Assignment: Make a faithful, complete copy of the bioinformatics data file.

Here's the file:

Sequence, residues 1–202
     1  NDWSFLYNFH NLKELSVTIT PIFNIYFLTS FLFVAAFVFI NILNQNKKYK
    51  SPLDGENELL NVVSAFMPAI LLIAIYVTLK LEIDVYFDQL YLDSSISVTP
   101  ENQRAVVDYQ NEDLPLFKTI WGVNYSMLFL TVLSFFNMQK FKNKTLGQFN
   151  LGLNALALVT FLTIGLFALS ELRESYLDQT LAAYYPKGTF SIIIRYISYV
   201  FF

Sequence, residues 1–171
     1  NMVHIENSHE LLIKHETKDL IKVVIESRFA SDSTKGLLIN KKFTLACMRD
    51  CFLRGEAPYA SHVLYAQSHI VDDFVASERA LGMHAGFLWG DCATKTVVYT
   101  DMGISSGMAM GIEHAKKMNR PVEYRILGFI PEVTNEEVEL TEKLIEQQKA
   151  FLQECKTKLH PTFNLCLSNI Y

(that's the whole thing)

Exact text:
Sequence, residues 1–202
     1  NDWSFLYNFH NLKELSVTIT PIFNIYFLTS FLFVAAFVFI NILNQNKKYK
    51  SPLDGENELL NVVSAFMPAI LLIAIYVTLK LEIDVYFDQL YLDSSISVTP
   101  ENQRAVVDYQ NEDLPLFKTI WGVNYSMLFL TVLSFFNMQK FKNKTLGQFN
   151  LGLNALALVT FLTIGLFALS ELRESYLDQT LAAYYPKGTF SIIIRYISYV
   201  FF

Sequence, residues 1–171
     1  NMVHIENSHE LLIKHETKDL IKVVIESRFA SDSTKGLLIN KKFTLACMRD
    51  CFLRGEAPYA SHVLYAQSHI VDDFVASERA LGMHAGFLWG DCATKTVVYT
   101  DMGISSGMAM GIEHAKKMNR PVEYRILGFI PEVTNEEVEL TEKLIEQQKA
   151  FLQECKTKLH PTFNLCLSNI Y